Last June, Luxembourg signed a joined statement with ESA on future activities concerning missions to asteroids, related technologies and space resources exploration.
In October, Luxembourg signed a memorandum of understanding (MoU) with the United Arab Emirates regarding the commercial exploration of space. Prior to that, a similar agreement was signed off with Portugal.
At the end of November, Luxembourg will sign an agreement around space activities with Japan, during a State visit, while discussions have also reached an advanced stage with China.
According to Schneider, the European Investment Bank (EIB) is also "willing to work with Luxembourg" at a European level.
"We are joining forces to accelerate the development of new space technologies. Luxembourg is being recognised as an "innovation leader," he said.
The Grand-Duchy will also deploy a Big Data Test Bed in the area of "Smart space" as part of a EU project in the field of Big Data enabled applications.
More commercial players
On the commercial side, seven companies active in space exploration and space resources have settled in Luxembourg since the launch of the SpaceResources.lu initiative, including US companies Deep Space Industries and Planetary Resources as well as Tokyo-based ispace.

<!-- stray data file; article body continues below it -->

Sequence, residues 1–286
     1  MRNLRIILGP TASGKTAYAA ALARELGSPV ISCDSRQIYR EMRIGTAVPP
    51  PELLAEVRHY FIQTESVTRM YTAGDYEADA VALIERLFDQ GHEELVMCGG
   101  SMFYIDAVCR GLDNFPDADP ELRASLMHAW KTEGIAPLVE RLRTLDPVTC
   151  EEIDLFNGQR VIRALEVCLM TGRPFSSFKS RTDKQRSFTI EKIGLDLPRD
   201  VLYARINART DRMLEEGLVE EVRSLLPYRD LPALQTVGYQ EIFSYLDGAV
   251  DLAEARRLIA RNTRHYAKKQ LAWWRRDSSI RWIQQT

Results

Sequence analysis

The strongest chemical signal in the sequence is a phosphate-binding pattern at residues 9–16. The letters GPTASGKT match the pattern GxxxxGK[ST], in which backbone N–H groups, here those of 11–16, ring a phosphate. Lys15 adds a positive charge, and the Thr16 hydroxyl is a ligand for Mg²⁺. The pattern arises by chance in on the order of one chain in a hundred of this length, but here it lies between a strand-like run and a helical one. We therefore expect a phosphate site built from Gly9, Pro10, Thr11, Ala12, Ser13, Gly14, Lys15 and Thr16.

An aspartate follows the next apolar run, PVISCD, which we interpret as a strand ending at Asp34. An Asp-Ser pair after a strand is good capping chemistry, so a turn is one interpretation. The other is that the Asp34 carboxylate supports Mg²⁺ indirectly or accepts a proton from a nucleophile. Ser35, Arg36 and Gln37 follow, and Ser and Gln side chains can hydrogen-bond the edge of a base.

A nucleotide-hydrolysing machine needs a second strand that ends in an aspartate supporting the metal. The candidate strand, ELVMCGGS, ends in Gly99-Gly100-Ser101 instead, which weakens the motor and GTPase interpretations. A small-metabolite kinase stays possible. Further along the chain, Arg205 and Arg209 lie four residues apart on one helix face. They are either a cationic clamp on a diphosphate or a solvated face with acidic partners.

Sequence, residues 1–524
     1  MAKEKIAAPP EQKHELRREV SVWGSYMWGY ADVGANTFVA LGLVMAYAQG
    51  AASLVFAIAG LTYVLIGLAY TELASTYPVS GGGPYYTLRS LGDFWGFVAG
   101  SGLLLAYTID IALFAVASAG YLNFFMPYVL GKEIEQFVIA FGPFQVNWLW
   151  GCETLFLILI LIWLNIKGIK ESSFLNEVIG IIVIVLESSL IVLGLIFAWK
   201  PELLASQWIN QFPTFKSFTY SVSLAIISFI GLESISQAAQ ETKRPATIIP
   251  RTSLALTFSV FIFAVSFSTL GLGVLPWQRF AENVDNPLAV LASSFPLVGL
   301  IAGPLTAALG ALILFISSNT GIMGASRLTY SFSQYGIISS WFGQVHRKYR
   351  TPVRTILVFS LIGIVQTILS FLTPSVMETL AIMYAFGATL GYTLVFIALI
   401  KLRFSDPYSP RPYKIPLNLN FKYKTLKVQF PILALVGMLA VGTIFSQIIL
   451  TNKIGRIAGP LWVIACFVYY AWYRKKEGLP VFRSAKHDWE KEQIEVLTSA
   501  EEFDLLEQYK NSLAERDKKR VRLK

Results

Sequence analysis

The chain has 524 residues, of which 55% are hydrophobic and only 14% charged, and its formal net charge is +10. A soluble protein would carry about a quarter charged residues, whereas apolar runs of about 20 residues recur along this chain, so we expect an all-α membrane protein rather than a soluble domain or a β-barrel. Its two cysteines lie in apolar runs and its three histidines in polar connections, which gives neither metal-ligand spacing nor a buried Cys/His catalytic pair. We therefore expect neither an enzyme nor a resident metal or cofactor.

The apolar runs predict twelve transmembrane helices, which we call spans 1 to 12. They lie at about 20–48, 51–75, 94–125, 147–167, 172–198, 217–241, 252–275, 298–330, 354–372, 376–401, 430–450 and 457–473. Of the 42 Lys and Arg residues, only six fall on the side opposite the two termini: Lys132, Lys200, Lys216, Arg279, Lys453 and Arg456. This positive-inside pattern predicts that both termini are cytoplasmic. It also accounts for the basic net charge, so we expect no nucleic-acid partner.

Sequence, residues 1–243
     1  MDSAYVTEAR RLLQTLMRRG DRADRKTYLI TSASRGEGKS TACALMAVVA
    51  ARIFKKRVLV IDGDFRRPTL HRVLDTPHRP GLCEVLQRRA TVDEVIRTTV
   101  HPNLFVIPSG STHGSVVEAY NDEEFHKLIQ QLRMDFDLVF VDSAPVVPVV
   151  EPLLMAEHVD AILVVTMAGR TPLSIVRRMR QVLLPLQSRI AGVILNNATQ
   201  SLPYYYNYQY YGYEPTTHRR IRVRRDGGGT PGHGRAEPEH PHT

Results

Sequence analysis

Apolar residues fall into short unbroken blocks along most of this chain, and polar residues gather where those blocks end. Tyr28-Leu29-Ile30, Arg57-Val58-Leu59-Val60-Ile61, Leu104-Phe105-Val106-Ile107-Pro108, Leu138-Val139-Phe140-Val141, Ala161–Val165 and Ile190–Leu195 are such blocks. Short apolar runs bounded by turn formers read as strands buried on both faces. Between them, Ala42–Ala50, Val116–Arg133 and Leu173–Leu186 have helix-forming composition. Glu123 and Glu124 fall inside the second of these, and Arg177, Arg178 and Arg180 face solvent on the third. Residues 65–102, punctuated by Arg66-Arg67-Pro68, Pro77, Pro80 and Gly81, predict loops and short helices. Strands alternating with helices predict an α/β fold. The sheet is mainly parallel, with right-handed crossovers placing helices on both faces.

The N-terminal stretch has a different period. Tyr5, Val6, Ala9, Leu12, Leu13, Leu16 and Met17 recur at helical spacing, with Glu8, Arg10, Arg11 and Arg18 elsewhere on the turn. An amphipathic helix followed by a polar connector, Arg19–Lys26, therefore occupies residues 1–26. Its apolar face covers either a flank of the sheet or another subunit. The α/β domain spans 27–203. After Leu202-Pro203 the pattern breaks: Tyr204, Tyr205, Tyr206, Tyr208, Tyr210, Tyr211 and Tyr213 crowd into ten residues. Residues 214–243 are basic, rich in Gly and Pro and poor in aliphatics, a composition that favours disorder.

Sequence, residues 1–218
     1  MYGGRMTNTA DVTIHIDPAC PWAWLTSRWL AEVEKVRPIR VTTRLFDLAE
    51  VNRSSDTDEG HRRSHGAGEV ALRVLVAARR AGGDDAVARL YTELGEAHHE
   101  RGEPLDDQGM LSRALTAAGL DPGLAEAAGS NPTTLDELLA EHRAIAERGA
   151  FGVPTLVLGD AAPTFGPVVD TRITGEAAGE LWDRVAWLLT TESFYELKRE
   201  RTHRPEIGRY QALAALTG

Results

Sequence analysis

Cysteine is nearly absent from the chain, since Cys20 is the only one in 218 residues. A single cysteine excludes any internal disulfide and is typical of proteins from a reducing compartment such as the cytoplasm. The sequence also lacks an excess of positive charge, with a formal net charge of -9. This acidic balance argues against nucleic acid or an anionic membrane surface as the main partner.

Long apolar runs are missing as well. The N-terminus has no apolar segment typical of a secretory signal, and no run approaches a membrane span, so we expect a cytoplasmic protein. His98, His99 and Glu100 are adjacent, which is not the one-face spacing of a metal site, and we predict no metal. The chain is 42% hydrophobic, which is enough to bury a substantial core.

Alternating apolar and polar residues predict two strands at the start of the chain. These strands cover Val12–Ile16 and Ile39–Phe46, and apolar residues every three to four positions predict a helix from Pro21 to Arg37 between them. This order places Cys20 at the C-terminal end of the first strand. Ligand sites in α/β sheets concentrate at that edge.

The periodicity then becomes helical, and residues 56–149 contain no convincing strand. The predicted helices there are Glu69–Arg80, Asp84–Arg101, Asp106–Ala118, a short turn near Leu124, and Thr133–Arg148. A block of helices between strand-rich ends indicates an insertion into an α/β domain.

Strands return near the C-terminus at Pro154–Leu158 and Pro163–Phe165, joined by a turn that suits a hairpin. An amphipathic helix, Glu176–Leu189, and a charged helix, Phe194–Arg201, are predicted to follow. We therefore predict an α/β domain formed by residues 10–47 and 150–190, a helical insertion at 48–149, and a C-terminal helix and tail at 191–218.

Blue Horizon - a subsidiary of the German space company OHB, Kleos Space - owned by a UK-based company and Sweden-based Gomspace have also set up entities in Luxembourg.
And the last one to join the local space ecosystem is Spire. Founded in 2012 in San Francisco, the satellite powered data company offers products for global ship tracking and high frequency weather data. Spire announced on November 15 it would open its European headquarters in Luxembourg and employs some 250 people.
"As every company registered in Luxembourg, they have access to national R&D grants, as well as to ESA programmes and funds," explained Schneider.
A 'win-win' situation
As Luxembourg is turning into the new space gateway for space exploration, the outcome of these activities are expected to be a 'win-win situation" for all.
"We are embarking upon a new phase which I hope will take mankind to the next level of civilisation and prosperity," he added.
Besides, "there is a chance the official language in space will be Luxembourgish", Schneider said upon leaving the stage.
So it turns out, conquering space will not only require specialised technical skills, it might also demand a higher number of Luxembourgish teachers.
(Roxana Mironescu, firstname.lastname@example.org, +352 4993 748)